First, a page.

Seed first or spray weeds? A fundamental truth: Weeds that emerge before the crop can be highly damaging to crop yield potential because they out-compete the crop for moisture, nutrients and sunlight. A small number of weeds (even just a few per square foot) emerging before or with the crop can be much more damaging to yield potential than a larger number of weeds flushing later. AAFC weed scientists Neil Harker and John O’Donovan estimated that the yield effect of one weed emerging a week before the crop is equivalent to that of 100 weeds emerging three weeks after the crop. When the crop emerges, all early weeds need to be dead. Cool, wet conditions that are holding up seeding can also reduce herbicide efficacy, but early weed control with lower efficacy is generally preferable to no control at all or late control with higher efficacy — as long as weeds are present and not frost damaged. READ MORE
Spraying weeds in cool conditions. Early weed control with lower efficacy is generally preferable to no control at all or late control with higher efficacy — as long as weeds are present and not frost damaged. Good tips here. Growers who want to do a preseed burnoff and then get seeding may not want to wait 3-4 days for the weeds to recover from a frost. In this situation, growers should recognize that if they go ahead and spray right away, efficacy may be reduced. However, even with the lower efficacy, doing the burnoff and then seeding will likely provide a higher return than seeding without the preseed burn and letting all the weeds compete until an early in-crop application. Consult with your supplier for information on product performance in these conditions to determine the best approach. READ MORE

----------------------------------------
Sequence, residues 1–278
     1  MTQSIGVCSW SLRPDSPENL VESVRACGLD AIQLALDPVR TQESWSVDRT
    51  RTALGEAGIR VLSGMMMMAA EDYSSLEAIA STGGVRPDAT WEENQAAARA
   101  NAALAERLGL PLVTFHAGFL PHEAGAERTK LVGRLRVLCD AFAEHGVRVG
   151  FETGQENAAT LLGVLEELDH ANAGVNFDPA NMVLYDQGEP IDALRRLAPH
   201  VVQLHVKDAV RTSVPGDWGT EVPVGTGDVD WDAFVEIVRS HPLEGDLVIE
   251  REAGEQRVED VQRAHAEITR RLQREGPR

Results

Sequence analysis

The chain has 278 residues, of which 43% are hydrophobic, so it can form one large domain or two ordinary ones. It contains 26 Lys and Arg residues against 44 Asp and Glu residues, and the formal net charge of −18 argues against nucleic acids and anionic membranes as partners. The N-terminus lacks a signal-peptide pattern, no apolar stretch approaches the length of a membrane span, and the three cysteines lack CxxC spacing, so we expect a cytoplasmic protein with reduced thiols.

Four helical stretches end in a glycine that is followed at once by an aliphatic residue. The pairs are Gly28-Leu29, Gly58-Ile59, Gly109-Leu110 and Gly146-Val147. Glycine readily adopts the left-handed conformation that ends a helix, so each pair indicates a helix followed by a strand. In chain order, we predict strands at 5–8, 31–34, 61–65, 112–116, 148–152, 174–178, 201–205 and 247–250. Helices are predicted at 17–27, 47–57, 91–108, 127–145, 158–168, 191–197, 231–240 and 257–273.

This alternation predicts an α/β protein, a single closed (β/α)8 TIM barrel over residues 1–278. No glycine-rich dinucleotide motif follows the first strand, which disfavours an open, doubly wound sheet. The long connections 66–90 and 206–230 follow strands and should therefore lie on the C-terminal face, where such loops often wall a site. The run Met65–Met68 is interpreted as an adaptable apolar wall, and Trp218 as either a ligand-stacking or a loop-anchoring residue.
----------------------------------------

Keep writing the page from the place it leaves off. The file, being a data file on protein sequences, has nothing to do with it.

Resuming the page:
Tank mix options for pre-seed burnoff. Tank mixing is an important step in preventing herbicide resistance in weeds, and the pre-seed window is a good opportunity to use a tank mix rather than just straight glyphosate. Tank mix options for glyphosate ahead of canola.